Sunday, May 29, 2011


Ally Condie makes her debut with this latest addition to the ever growing  shelves of teenage dystopian worlds.

Cassia has never questioned the Society. She lives the life that has been mapped out for her with numbers and statistics and is the model citizen. Until the day of her Matching. The unlikely happens when she is Matched with her best friend Xander and for a moment everything in her life is perfect. This changes drastically however when she goes home and she sees Ky appear on the computer screen and not Xander. After this glitch in the system, she begins to question everything that the Society stands for and wonders if being the perfect, predictable citizen is what she wants.

Since the Hunger Games trilogy I have been seeing more books that are about YA fighting against the tyrannical government, starting revolutions and just being rebellious teenagers. In a way this isn't that different but it is better written than others that are coming out.

First of all, I don't find the female protagonist whiny and weak. Cassia is a character who is the product of the Society but thankfully can think for herself, can take risks and not quibble too much about it. I will be reading the rest of the series to see if and how she evolves.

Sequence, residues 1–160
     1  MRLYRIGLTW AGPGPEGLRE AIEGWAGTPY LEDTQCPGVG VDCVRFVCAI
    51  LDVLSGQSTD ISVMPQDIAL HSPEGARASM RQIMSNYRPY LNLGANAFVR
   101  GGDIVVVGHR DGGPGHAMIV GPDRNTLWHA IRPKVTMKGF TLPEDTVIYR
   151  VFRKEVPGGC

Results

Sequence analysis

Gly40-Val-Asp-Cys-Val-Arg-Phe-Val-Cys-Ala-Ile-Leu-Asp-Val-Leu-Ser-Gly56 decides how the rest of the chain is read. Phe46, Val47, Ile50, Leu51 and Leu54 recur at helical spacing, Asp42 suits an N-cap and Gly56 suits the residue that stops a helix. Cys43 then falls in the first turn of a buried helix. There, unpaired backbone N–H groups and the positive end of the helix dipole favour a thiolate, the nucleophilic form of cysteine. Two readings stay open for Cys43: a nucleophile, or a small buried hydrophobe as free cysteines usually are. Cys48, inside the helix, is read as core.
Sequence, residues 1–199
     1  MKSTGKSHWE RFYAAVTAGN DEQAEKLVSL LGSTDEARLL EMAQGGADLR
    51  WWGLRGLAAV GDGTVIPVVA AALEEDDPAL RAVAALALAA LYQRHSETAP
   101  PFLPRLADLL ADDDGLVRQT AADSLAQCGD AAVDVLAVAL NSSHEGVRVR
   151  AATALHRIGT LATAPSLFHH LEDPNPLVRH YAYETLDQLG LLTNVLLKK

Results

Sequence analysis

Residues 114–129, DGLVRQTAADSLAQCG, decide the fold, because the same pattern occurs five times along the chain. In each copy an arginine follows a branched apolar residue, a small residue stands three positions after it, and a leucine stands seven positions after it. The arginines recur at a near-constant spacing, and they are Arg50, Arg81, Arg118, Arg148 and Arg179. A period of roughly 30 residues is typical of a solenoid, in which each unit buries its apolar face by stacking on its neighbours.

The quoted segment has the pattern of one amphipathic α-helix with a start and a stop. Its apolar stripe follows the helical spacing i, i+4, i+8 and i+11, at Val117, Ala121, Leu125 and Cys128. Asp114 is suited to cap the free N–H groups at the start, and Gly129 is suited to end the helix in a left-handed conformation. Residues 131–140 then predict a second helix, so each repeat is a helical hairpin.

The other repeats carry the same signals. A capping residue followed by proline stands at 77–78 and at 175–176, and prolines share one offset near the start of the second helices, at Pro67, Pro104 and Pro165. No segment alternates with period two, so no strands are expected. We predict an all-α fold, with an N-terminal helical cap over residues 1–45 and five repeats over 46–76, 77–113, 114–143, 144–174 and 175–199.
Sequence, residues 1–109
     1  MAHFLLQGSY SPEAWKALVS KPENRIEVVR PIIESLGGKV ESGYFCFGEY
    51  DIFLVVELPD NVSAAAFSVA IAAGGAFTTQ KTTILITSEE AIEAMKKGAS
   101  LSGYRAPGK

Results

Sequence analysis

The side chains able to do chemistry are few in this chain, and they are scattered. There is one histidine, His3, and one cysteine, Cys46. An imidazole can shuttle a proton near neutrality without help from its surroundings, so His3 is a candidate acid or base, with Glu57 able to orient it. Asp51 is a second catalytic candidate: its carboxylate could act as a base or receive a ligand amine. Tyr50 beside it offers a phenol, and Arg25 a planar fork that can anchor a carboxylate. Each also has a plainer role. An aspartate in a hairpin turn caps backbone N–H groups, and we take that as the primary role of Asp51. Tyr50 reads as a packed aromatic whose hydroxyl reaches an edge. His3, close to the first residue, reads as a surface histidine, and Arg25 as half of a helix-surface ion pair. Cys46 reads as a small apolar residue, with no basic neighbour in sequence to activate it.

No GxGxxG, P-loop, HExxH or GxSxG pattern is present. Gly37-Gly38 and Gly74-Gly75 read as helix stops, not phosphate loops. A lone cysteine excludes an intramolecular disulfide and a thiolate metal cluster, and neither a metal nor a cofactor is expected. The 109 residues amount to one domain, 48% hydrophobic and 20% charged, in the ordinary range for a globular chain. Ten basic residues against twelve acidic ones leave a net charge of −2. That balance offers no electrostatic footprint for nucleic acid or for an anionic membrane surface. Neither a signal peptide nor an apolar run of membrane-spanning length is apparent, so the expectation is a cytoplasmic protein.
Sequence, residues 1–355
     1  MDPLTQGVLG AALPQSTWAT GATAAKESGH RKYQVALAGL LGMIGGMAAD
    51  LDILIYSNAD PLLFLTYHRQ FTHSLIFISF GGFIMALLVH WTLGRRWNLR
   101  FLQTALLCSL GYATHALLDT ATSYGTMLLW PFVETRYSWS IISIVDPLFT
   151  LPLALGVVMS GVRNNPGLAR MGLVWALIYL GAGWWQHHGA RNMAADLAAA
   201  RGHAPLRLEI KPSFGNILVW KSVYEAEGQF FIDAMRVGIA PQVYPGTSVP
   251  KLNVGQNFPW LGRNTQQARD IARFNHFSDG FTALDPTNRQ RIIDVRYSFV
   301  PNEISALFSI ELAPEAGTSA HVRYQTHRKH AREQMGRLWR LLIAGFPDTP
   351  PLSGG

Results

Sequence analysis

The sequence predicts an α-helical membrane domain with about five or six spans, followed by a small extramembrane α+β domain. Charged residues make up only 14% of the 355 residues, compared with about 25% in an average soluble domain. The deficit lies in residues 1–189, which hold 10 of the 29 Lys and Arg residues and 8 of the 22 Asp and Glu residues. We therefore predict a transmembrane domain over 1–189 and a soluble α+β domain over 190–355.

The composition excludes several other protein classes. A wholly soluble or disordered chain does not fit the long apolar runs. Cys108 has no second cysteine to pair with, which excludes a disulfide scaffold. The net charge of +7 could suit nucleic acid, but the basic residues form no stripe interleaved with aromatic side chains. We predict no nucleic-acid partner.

However! I am getting terribly tired of books where the first point of discussion amongst readers is Edward or Jake? Peeta or Gale?  and now we have Xander or Ky? Now before I completely write it off as something juvenile I do give props to Xander for ***spoiler***(Highlight it if you want to see) letting go of Cassia at the end and giving her not only permission but contraband supplies to help her find Ky after they have both been exiled to Outer Provinces. He didn't try to make a case for himself, he just let her go and wasn't all dramatic about it as others have been. ***spoiler done*** So it has been put together better than others in the past.

About the world itself, everything is in the hands of the Officials. They determine what you wear and eat; where you live and work; who you associate with and marry. All is done with the help of probability and perfectly matched genes. Cancer and all other illness have been "matched out" of the Society and everything seems perfect. It is happier than Orwell's world of 1984 but there is still the knowledge that you are permanently being watched and monitored to ensure no Abberations or Anomalies are wandering around.

I read this because it was part of my book groups summer challenge and while I don't think it was a complete waste of time and I most likely will finish off the series, this isn't something that I am going to be rereading. I would describe it as a cotton-candy type of book. Something that is fluffy and good on occasion, but too much at once makes you feel sick.

I would recommend this book to those who have devoured Hunger Games and are wanting something new to read.

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